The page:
08. December 2014 · Comments Off on Saturday in the Book Corral · Categories: Book Event, Random Book and Media Musings
The arrival of Santa, with a spare mount. It's a long way from the North Pole, you see.

The arrival of Santa, with a spare mount. It’s a long way from the North Pole, you see.

Another weekend, it must be another book event. And so it was last Saturday, so it will be this coming weekend. Last Saturday it was Christmas on the Square in Goliad, a place which I hold in affection – because it is a pleasant small town, full of nice people who all know each other and are connected by one to three degrees, has some claim to historicity, but is otherwise relatively unspoiled by excessive tourism and what my daughter calls the YA contingent. Which doesn’t stand for Young Adult, but ‘Yuppie *sshole’ – that variety of well-to-do and socially conscientious arriviste who roar into some unspoiled little country locale, en mass, and gentrify the heck out of it; the kind of people who love the country and farms and quaint friendliness, but who promptly turn it into upscale suburbia, can’t stand the smell of cows or the noise of agricultural pursuits at odd hours, and condescend to their neighbors as being hicks from the sticks. This also raises the prices of everything from property, rents, and everything else from a sandwich and cuppa coffee on up. Given the chance, I would take up a place in a nice little Texas country town like Goliad, renovate a little house and live there quite happily – but I would keep very, very quiet afterwards. I don’t think I am a snob or even a reverse-snob, particularly – but I always liked the remote little suburb that I grew up in precisely for the lack of pretense and the low-key, working-class friendliness.

The weather was wonderful on Saturday, there were enough vendors to make a double-line of booths along one side of the square, my daughter was persuaded not to bring home any of the cats on display from the local animal shelter, and gratifying number of shoppers and fans fell upon my books – especially Lone Star Sons – with cries of happy joy.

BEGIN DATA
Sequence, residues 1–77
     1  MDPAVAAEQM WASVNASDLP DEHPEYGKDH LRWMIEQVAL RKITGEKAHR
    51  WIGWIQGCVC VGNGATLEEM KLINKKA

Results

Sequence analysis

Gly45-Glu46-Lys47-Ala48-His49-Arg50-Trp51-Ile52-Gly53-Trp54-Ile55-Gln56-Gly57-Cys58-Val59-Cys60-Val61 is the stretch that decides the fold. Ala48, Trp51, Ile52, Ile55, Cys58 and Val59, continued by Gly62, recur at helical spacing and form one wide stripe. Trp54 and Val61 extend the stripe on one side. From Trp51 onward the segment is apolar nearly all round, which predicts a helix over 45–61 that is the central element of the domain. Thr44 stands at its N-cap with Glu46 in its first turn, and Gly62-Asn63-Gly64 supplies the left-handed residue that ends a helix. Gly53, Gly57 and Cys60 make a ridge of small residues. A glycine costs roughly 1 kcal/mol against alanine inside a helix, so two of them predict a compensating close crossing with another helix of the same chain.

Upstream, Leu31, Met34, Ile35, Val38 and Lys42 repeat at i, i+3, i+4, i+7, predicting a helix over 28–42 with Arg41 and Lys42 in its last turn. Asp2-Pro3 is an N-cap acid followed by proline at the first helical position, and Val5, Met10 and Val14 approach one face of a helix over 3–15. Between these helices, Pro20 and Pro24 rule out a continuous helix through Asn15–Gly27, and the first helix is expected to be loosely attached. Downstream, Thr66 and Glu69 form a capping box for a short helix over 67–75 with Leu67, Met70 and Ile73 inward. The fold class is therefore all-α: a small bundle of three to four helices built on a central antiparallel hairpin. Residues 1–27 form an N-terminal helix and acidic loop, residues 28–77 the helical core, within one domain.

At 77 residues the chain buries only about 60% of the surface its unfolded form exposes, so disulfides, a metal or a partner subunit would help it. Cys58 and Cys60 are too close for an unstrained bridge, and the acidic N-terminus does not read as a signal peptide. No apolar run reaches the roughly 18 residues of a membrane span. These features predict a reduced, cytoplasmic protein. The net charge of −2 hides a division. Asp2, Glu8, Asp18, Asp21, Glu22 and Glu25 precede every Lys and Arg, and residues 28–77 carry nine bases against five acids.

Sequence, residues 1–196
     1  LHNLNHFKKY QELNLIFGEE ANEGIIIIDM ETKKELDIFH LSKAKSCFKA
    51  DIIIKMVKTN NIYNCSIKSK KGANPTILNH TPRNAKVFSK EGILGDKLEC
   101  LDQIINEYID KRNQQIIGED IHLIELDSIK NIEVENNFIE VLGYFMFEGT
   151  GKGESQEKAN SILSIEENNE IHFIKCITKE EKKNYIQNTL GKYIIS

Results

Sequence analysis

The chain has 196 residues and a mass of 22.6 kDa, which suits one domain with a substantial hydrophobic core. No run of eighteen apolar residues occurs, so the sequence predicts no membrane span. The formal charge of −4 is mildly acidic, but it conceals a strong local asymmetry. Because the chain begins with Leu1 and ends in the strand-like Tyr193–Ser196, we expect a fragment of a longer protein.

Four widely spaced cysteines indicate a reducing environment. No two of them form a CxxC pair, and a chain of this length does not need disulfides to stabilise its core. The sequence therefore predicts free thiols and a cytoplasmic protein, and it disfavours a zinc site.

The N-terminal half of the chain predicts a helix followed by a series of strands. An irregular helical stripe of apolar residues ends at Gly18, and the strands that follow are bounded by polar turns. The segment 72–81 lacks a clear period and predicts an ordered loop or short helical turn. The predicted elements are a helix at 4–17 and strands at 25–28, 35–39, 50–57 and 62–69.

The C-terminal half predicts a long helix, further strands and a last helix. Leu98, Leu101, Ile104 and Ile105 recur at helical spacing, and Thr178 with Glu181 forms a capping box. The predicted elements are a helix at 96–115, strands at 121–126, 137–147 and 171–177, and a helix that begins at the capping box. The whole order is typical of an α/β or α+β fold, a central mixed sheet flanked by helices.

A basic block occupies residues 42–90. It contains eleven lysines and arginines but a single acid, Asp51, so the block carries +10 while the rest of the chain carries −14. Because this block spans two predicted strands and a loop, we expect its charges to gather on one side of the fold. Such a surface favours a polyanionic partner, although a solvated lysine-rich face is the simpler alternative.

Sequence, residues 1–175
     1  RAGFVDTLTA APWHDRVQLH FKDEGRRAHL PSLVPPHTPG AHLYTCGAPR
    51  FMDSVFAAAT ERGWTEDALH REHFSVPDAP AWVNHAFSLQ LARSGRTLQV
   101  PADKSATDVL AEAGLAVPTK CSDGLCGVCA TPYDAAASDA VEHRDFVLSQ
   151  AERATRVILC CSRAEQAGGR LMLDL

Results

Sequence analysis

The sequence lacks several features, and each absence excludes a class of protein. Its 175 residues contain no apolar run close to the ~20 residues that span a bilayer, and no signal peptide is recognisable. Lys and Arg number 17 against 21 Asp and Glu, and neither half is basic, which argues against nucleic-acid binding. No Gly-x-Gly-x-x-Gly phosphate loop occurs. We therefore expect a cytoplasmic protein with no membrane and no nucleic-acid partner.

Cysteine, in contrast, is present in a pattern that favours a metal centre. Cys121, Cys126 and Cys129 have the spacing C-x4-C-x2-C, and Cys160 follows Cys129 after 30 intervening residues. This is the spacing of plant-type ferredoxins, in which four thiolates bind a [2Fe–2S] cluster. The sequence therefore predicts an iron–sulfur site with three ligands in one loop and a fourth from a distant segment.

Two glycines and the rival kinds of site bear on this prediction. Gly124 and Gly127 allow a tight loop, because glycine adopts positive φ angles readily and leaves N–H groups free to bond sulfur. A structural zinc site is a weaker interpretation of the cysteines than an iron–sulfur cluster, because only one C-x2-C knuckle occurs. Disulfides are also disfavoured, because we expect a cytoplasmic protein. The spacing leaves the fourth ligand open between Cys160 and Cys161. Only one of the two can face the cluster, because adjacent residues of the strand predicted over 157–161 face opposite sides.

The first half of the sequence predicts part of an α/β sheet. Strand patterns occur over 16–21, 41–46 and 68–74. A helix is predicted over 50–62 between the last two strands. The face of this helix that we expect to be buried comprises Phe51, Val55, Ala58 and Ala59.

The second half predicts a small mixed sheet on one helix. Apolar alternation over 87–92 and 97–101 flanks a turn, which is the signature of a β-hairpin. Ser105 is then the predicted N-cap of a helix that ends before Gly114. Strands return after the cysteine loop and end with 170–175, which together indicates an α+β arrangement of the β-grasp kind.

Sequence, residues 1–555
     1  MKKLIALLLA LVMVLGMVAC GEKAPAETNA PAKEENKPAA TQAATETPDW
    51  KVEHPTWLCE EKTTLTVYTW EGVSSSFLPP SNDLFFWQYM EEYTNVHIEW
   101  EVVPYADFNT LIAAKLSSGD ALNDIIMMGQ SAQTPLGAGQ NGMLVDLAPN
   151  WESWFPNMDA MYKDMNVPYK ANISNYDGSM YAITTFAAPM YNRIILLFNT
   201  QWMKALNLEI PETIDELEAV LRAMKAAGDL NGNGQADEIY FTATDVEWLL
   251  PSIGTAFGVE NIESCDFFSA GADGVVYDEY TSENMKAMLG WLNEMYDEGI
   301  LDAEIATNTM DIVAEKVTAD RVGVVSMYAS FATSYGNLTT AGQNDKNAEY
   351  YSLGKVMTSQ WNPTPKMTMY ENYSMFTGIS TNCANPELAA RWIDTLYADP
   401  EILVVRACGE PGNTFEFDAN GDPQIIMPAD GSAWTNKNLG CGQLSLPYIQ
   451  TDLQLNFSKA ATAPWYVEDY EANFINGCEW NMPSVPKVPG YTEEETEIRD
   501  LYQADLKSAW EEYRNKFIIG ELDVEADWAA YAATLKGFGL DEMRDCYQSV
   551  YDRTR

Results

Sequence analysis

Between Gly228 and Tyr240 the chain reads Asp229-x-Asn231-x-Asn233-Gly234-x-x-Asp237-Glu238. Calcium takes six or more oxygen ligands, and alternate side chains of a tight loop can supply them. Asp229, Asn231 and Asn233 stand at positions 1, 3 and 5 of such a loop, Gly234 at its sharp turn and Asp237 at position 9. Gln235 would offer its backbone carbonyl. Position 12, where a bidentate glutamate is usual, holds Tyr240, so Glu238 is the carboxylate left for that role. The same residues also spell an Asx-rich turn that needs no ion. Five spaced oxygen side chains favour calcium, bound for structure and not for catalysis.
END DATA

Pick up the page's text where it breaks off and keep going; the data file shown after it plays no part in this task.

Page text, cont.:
Anyway – what brought that these musings about class and neighborliness? Fondness for Goliad, the fact that they have laid out the streets in the old part of town to bypass certain huge old oak trees, some say they never lock their doors at night, and that semi-rural begins very close – within a block or so to the Courthouse square in some directions – and that the authors at the event fell into two distinct groups, and another author and me. As a repeat author to Miss Ruby’s Book Corral, I readily recognized them, although some were new to me. The first group were academics – they occupy a perch at the local branch of UT, or A & M, or one of the community colleges, and they all had books out which touched on local history in someway or another – at least two of which I was tempted to buy because … I need more microscopically local references because that’s where I get my best ideas! (Blondie talked me out of it … since … hey, I hardly have any more room on the bookshelves anyway.) One or two of them talked to me as we were setting up, or during the course of the day – but since I am cheerfully PhD-less (pronounced fid-less) and a dogged amateur historian, I barely count in the grand academic scheme of things. They clustered together, bought lunches and chattered amongst themselves: I’m not certain that they sold much, between them. This may have been more of a social occasion for them. The second group in the Author Corral were authors who were personalities in the local media – writers and columnists who already had a local following for their books. They were the ones that I mostly knew from other events; I know that they did a brisk business, especially the ladies with the cookbook, which seems to be enormously popular. The single other historical novelist and I shared a table, although my collection of nine separate books very much overwhelmed hers of two – and in hardback and paperback. I eventually sold her a copy of Lone Star Sons and The Quivera Trail purely because she was so intrigued overhearing me talk about them to people who came to my half of the table.

And that was that – for last week. This weekend, it’s Boerne, and on Saturday the market will continue until 7 PM. We have been told to bring a couple of strings of lights for the outside of the pavilion and some kind of spotlight for the inside. I think it will be actually rather lovely, at night – with the music and the lights and all. See you there, perhaps! We’re in the pink pavilion with the black-and-white-zebra-striped top.

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